EDITORIAL

Two February 12 events

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First is the birth of Lamberto Vera Avellana in 1915 in Bontoc, Mountain Province.

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In 1976, he was named “National Artist of the Philippines in Theater and Film” President Ferdinand Marcos. Since then that distinction has been one of the greatest in the Philippines.

He is an alumnus of the Ateneo de Manila (AB 1937, magna cum laude), where he began his lifelong career in the theater. He taught at the Ateneo after graduation. He married his teen-age sweetheart and frequent co-actor, Daisy Hontiveros, who was eventually also conferred the National Artist title in 1999.

Wikipedia relates that Bert Avellana’s “film debut was Sakay in 1939, a biopic on the early 20th century Filipino revolutionary Macario Sakay. The film was an immediate sensation, particularly distinguished for its realism which was a typical of Filipino cinema at the time. The treatment is the subject of some controversy today. Avellana’s Sakay toed the line with the American-fostered perception of Sakay as a mere bandit, different from the current-day appreciation of Sakay as a fighter for Filipino independence. Raymond Red’s 1993 film, Sakay hews closer to this modern view of Sakay. Interestingly, Leopoldo Salcedo, who played Sakay in the 1939 Avellana version, portrayed Sakay’s father in the 1993 version in his final film role.”

Wikipedia also tells us that “Avellana directed more than 70 films in a career that spanned six decades. Anak Dalita (1956) and Badjao (1957) perhaps stand as the most prominent works from his oeuvre. Anak Dalita, which was named Best Film at the 1956 Asia-Pacific Film Festival, was a realistic portrayal of poverty-stricken Filipinos coping with the aftermath of World War II. Badjao was a love-story among the sea-dwelling Badjaos, an indigenous Filipino people of Mindanao. Rolf Bayer was the screenwriter for both films.”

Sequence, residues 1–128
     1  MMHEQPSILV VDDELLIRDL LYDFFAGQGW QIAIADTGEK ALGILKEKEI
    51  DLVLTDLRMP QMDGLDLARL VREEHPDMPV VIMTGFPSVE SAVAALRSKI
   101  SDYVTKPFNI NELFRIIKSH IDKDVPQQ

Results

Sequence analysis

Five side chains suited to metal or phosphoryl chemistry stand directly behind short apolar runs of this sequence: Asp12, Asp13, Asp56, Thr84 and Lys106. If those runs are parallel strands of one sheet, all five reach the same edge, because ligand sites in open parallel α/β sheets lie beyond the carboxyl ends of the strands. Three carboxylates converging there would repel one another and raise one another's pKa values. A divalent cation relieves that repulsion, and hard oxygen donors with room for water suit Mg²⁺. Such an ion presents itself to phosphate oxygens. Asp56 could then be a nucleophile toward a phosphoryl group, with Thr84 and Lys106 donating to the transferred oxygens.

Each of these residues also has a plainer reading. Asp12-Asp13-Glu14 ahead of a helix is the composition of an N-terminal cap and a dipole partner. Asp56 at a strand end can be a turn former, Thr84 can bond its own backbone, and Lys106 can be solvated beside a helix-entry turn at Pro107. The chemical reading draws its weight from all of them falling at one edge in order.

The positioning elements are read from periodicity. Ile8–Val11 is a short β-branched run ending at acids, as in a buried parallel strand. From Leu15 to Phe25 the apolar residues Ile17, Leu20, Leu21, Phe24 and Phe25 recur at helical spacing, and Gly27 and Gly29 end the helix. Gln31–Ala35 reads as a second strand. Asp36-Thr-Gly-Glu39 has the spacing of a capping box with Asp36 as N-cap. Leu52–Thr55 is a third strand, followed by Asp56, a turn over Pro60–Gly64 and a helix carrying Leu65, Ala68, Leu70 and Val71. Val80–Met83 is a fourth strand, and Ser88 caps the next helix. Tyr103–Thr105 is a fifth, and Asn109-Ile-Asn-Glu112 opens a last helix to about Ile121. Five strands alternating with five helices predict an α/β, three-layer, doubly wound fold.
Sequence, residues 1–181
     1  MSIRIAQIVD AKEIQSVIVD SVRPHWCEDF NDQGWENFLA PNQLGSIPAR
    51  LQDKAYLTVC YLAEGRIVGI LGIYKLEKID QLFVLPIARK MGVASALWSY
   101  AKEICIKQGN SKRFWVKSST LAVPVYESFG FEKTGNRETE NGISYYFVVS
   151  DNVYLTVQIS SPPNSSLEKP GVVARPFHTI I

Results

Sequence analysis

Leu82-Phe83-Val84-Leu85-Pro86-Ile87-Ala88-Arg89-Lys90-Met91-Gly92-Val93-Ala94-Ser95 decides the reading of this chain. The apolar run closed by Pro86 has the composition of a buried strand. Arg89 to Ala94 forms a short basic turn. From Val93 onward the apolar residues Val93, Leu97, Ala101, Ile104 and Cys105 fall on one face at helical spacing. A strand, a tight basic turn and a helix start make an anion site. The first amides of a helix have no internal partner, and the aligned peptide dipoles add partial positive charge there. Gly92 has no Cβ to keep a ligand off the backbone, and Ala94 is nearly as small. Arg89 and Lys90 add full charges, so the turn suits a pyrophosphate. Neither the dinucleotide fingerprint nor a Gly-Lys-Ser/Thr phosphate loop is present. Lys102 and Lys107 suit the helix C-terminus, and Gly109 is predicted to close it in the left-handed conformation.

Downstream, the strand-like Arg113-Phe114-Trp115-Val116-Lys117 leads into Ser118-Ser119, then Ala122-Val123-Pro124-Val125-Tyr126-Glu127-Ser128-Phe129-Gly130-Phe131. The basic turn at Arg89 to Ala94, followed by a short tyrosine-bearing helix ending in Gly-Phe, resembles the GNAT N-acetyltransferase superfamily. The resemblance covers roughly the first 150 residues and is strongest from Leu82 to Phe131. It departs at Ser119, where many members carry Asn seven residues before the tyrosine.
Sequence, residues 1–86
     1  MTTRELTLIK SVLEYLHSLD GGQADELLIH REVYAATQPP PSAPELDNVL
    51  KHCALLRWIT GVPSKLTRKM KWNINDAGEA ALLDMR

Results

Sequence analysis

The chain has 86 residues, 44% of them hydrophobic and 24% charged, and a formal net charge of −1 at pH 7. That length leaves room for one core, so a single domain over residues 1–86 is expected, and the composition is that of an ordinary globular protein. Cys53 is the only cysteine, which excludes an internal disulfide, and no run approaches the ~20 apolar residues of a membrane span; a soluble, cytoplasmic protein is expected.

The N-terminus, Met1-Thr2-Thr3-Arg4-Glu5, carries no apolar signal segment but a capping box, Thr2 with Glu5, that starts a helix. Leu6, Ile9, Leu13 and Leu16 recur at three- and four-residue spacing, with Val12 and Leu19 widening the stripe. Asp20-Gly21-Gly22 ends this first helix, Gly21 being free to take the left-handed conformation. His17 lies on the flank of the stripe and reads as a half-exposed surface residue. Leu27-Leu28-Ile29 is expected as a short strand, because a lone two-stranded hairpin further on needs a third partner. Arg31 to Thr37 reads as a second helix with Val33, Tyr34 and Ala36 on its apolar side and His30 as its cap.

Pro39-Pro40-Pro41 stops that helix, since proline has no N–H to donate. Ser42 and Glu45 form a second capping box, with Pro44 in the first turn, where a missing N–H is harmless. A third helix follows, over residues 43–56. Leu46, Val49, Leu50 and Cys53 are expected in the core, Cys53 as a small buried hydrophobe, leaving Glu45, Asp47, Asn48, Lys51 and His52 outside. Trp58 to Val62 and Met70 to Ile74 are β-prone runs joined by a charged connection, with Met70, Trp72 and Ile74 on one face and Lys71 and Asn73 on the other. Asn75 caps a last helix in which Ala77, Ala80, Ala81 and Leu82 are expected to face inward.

He directed more than 70 films in a career that spanned six decades. Avlana’s films — “Anak Dalita” (1956) and “Badjao” (1957)–attained international acclaim and stood as his most prominent works despite budgetary limitations that hampered the post-war Filipino film industry.

Avellana was also known as the maker of the first Philippine film to be shown at the Cannes International, “Kandelerong Pilak” (Silver Candlestickholder). He also founded the Philippine theater group, Barangay Theater Guild (in 1939), which continued to play an important role in the 1970s, presenting Shakespeare’s plays and plays by Philippine authors, like Nick Joaquin.

He died on April 25, 1991 at the age of 76.

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Vietnam War event

Another February 12 event we feel ought not to be forgotten has to do with the Vietnam War. The first US prisoners of war (POWs) in North Vietnam were released and 116 of 456 were flown to Philippines on Feb. 12, 1973.

The New York Times story by James Sterba, and datelined “Clark Air Base, the Philippines, Tuesday, Feb. 13” has this lead: “The first released American prisoners of the Vietnam war were greeted with cheers of welcome and tears of joy here yesterday as they stepped off military evacuation jets. They looked in better physical condition than most onlookers had expected, and the hospital commander here pronounced their general health “reasonably good.”

The second paragraph says:
“The last of four evacuations, planes touched down here at 11 P. M. (10 A. M., Monday, New York time), carrying 19 military men and seven civilians released in South Vietnam. Three other planes, carrying 116 prisoners released in Hanoi, had arrived yesterday afternoon.”

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